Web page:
Tiotropium and Olodaterol
Generic Name: Tiotropium and Olodaterol (ty oh TRO pee um & oh loe DA ter ol)
Brand Name: Stiolto Respimat
- In people with asthma, long-acting puffers (inhalers) like tiotropium and olodaterol raise the chance of asthma-related deaths. Talk with the doctor.
- This medicine is not approved to treat asthma. Talk with your doctor.
Uses of Tiotropium and Olodaterol:
- It is used to treat COPD (chronic obstructive pulmonary disease).
- It may be given to you for other reasons. Talk with the doctor.
- This medicine is not to be used to treat intense flare-ups of shortness of breath. Use a rescue inhaler. Talk with the doctor.
What do I need to tell my doctor BEFORE I take Tiotropium and Olodaterol?
- If you have an allergy to this medicine or any part of tiotropium and olodaterol.
- If you are allergic to any drugs like this one, any other drugs, foods, or other substances. Tell your doctor about the allergy and what signs you had, like rash; hives; itching; shortness of breath; wheezing; cough; swelling of face, lips, tongue, or throat; or any other signs.
- If you are taking or will be taking another drug like this one.
- If you have asthma.
- If you take other drugs called anticholinergics, like ipratropium or oxybutynin. Ask your doctor if you are not sure if any of your drugs are anticholinergic.
This is not a list of all drugs or health problems that interact with this medicine.
Tell your doctor and pharmacist about all of your drugs (prescription or OTC, natural products, vitamins) and health problems. You must check to make sure that it is safe for you to take tiotropium and olodaterol with all of your drugs and health problems. Do not start, stop, or change the dose of any drug without checking with your doctor.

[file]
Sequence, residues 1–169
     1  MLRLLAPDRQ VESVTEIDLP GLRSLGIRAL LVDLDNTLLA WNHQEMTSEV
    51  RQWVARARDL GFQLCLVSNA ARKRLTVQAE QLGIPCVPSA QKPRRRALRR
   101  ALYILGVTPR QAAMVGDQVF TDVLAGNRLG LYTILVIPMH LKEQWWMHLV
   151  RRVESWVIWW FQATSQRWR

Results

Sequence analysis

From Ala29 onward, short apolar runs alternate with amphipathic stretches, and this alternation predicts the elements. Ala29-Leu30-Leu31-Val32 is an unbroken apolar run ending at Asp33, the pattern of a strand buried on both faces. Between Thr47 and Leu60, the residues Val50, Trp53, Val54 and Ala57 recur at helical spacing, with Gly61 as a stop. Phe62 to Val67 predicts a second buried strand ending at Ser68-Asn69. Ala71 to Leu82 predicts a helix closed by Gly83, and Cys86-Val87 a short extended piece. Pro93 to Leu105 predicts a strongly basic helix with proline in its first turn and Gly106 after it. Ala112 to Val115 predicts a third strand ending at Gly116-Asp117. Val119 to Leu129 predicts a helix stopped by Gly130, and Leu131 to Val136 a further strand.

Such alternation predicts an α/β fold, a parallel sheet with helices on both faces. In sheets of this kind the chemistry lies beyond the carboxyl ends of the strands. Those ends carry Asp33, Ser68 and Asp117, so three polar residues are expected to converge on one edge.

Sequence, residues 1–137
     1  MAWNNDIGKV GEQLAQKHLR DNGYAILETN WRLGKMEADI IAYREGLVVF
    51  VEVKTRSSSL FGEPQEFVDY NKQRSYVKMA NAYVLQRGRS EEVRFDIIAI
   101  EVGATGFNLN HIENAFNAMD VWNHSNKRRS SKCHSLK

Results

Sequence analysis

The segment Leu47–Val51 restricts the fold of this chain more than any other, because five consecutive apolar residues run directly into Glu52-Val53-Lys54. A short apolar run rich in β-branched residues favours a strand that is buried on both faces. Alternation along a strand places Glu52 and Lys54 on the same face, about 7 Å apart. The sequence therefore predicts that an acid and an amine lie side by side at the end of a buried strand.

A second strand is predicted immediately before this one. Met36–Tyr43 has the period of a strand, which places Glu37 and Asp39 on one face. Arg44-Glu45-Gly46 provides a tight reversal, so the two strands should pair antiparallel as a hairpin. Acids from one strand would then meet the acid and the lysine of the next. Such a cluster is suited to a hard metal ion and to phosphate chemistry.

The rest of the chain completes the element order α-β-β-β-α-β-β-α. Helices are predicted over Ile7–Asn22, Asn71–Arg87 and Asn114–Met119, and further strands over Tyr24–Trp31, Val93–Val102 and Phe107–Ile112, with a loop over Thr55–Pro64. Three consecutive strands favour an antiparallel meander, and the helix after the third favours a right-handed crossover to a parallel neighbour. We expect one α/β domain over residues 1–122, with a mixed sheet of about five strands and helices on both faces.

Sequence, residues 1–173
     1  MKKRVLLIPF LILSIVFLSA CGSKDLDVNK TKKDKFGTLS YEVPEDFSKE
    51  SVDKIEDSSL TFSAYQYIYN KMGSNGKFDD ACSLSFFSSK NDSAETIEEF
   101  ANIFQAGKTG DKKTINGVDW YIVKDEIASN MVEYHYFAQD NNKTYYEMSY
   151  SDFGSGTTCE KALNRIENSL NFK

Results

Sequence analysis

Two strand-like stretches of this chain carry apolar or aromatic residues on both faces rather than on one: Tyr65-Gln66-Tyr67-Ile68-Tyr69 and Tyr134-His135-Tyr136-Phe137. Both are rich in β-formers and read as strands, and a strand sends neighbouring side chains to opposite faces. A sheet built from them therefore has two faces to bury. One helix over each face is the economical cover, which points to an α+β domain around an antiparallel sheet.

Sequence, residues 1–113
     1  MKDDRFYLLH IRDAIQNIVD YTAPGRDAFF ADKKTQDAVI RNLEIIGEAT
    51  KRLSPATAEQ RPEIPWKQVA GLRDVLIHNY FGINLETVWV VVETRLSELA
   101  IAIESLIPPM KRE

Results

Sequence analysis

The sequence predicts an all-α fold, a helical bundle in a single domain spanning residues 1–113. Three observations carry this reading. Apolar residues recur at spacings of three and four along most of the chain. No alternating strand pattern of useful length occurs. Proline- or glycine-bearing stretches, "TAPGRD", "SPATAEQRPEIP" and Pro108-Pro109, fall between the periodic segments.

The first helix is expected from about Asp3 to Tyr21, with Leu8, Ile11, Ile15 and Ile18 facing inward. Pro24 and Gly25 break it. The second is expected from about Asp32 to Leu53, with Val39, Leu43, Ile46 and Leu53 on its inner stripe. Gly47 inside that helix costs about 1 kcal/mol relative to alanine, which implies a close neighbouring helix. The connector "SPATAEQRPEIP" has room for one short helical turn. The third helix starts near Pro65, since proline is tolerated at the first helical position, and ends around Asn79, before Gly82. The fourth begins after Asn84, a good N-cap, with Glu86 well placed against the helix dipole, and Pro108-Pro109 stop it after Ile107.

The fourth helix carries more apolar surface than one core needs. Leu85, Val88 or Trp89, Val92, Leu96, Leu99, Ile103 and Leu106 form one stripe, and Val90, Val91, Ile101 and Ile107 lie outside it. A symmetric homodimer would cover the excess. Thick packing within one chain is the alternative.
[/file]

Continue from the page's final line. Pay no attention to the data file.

What are some things I need to know or do while I take Tiotropium and Olodaterol?
- Tell all of your health care providers that you take this medicine. This includes your doctors, nurses, pharmacists, and dentists.
- Avoid driving and doing other tasks or actions that call for you to be alert or have clear eyesight until you see how tiotropium and olodaterol affects you.
- If you have high blood sugar (diabetes), this medicine may sometimes raise blood sugar. Talk with your doctor about how to keep your blood sugar under control.
- Call your doctor right away if your breathing problems get worse, if your rescue inhaler does not work as well, or if you need to use your rescue inhaler more often.
- If tiotropium and olodaterol gets in the eyes, rinse with water right away. Call the doctor right away if this medicine gets in the eyes and blurred eyesight, worsened glaucoma, or eye pain happens.
- Do not take more of tiotropium and olodaterol or use it more often than you have been told. Deaths have happened when too much of this type of drug has been taken. Talk with your doctor.
- Tell your doctor if you are pregnant or plan on getting pregnant. You will need to talk about the benefits and risks of using this medicine while you are pregnant.
- Tell your doctor if you are breast-feeding. You will need to talk about any risks to your baby.
How is this medicine (Tiotropium and Olodaterol) best taken?
Use tiotropium and olodaterol as ordered by your doctor. Read all information given to you. Follow all instructions closely.
- Follow how to use as you have been told by the doctor or read the package insert.
- For breathing in only by a puffer (inhaler) into the lungs.
- Keep out of your eyes.
- To gain the most benefit, do not miss doses.
- Keep using this medicine as you have been told by your doctor or other health care provider, even if you feel well.
- Use tiotropium and olodaterol at the same time of day.
- Do not use more than 1 time a day.
- Put the cap back on after you are done using your dose.
- Have your puffer (inhaler) use checked with your doctor at each visit. Read and follow facts on how to use the puffer. Make sure you use the puffer the right way.
- Before first use, put the cartridge into the puffer (inhaler).
- Prepare before first use or when puffer has not been used for more than 21 days. Spray towards the ground until mist is seen. Once the mist is seen, repeat 3 more times. If it has been more than 3 days since it has been used, spray once at the ground.
- If using more than 1 type of puffer (inhaler), ask the doctor which puffer to use first.
- Use new puffer (inhaler) with each refill.
What do I do if I miss a dose?
- Take a missed dose as soon as you think about it.
- Do not take more than 1 dose of this medicine in the same day.
What are some side effects that I need to call my doctor about right away?